ASU-57 tank destroyer/assault gun with several Mil Mi-6 helicopters of Soviet Airborne Troops.


The next step up from the ASU-57 was the ASU-85, which went into production in 1960. It could still be carried by air but was heavier than its predecessor, and so could not be delivered by parachute.

The ASU-85 had a D-70 85mm main gun and a 7.62mm SGMT machine-gun. Later additions included a roof-mounted 12.7mm DShKM machine-gun and smoke grenade launchers that ejected over the hull from the rear.


The first rocket-equipped anti-tank vehicle, the 2P26 was produced in the late 1950s. It was based on a UAZ-69 light lorry, adapted with launch rails for four missiles.

The missiles were AT-1 Snappers. The Snapper was the first anti-tank guided missile the Soviets developed. Too cumbersome and unwieldy to be carried by infantry, they led to the development of vehicle-mounted anti-tank rocketry. They were controlled by manual commands transmitted down a wire link.

The 2P26 was nicknamed the Baby Carriage.


The next rocket-based anti-tank vehicle was the 2P27, introduced in 1960. Its chassis was based on that of a combat vehicle; the BRDM-1 reconnaissance vehicle.

The 2P27 used the same AT-1 missiles as the 2P26 with three retractable launch rails fitted inside the vehicle. Before firing, overhead covers and a flap at the rear were opened, then the launch rails were raised.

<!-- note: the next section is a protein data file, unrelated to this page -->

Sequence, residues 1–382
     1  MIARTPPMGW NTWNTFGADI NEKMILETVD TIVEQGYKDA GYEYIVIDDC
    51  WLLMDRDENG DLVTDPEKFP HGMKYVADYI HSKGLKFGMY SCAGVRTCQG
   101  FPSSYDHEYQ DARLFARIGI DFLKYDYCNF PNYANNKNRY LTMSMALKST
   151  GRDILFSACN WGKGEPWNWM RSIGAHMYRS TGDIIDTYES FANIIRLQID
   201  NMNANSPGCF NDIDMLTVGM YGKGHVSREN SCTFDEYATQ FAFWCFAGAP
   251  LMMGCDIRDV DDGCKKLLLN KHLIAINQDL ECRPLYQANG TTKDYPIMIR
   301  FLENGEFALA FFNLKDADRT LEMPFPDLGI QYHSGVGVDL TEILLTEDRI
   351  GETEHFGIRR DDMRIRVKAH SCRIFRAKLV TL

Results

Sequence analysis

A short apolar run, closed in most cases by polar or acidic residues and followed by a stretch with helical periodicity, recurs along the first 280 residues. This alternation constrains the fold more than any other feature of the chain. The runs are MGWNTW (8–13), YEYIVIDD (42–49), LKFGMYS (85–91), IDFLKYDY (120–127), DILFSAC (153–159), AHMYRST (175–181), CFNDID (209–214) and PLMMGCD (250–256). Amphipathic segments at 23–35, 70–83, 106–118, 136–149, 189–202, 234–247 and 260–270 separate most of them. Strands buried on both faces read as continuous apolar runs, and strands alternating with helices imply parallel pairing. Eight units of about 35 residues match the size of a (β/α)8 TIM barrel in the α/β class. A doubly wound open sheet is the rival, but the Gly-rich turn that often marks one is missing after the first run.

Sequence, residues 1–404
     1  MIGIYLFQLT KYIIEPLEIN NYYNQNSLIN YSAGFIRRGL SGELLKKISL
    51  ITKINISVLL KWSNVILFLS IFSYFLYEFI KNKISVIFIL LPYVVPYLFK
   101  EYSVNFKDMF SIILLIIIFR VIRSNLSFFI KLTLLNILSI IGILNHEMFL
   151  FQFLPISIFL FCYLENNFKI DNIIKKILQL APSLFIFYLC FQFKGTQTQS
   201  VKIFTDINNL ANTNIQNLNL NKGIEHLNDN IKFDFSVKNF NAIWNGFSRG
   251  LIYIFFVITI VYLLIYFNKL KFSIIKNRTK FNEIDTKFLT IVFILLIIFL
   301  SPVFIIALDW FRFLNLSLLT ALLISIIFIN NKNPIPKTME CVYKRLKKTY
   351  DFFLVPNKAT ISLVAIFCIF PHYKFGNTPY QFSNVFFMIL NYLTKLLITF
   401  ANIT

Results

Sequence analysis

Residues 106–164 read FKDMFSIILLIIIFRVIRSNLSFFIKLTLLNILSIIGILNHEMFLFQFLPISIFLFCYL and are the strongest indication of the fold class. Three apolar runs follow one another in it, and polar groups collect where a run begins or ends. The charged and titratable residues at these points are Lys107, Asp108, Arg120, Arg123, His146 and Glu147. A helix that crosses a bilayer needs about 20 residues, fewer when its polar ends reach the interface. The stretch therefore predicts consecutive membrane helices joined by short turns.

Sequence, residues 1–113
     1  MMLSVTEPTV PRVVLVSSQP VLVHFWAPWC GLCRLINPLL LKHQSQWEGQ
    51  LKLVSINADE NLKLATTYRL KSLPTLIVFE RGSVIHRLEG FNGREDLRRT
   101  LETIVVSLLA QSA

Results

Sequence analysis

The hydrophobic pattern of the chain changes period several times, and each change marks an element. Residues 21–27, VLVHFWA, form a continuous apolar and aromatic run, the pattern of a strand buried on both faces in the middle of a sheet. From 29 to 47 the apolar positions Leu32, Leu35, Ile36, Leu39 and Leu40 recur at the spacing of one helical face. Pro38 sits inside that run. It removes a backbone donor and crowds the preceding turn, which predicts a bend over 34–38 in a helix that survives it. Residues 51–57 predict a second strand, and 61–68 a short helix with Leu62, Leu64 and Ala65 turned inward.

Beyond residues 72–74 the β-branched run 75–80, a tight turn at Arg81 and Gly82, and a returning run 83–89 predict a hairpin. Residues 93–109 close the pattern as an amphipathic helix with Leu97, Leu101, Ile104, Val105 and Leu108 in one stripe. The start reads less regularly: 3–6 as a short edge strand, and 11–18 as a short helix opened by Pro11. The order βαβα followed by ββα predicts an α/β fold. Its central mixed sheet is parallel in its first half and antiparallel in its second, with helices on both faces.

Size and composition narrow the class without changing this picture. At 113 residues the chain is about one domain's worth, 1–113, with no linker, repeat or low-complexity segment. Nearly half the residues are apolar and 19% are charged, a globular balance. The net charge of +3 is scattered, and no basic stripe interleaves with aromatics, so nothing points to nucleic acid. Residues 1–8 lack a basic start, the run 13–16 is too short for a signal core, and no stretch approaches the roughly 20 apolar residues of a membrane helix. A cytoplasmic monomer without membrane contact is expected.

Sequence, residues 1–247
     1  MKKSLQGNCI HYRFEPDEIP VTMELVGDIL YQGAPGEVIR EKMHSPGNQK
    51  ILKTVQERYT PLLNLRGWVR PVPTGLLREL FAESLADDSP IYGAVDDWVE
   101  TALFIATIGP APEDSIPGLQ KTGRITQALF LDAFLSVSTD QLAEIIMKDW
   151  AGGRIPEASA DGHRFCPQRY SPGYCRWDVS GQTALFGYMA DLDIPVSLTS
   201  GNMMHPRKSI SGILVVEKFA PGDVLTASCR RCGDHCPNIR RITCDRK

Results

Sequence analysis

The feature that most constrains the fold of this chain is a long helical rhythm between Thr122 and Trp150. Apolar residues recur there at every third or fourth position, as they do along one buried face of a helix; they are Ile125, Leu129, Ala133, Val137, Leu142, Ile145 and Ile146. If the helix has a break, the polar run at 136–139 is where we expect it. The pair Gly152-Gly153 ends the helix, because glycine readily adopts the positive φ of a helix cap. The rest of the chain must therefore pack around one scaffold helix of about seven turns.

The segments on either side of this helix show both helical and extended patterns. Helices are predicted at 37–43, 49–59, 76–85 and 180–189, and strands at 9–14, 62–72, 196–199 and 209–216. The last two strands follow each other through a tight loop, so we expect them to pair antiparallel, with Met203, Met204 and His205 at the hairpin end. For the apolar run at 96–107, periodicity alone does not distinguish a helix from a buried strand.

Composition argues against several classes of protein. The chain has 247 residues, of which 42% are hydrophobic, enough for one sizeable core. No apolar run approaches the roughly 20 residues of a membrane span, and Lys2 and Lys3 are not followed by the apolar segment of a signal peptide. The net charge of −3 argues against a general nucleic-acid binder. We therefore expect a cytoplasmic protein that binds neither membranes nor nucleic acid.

The 2P27 could not carry spare missiles due to their size.


The 2P32 arrived two years later and was based on the same chassis as the 2P27. In place of AT-1 Snappers, it carried AT-2 Swatter missiles. They had a smaller wingspan so the vehicle could carry mounts for four instead of three. They were still too bulky to carry spares.

Two Soviet AT-2 Swatter anti-tank weapon.
Two Soviet AT-2 Swatter anti-tank weapon.


Introduced in 1963, the 9P110 was another variation on the same vehicle design. Once again, smaller missiles meant that more could be carried. It had mounts for six AT-3 Saggers, as well as eight reloads.

A new mount meant the crew did not have to open armored covers before raising the missiles. As a result, it was much quicker to fire.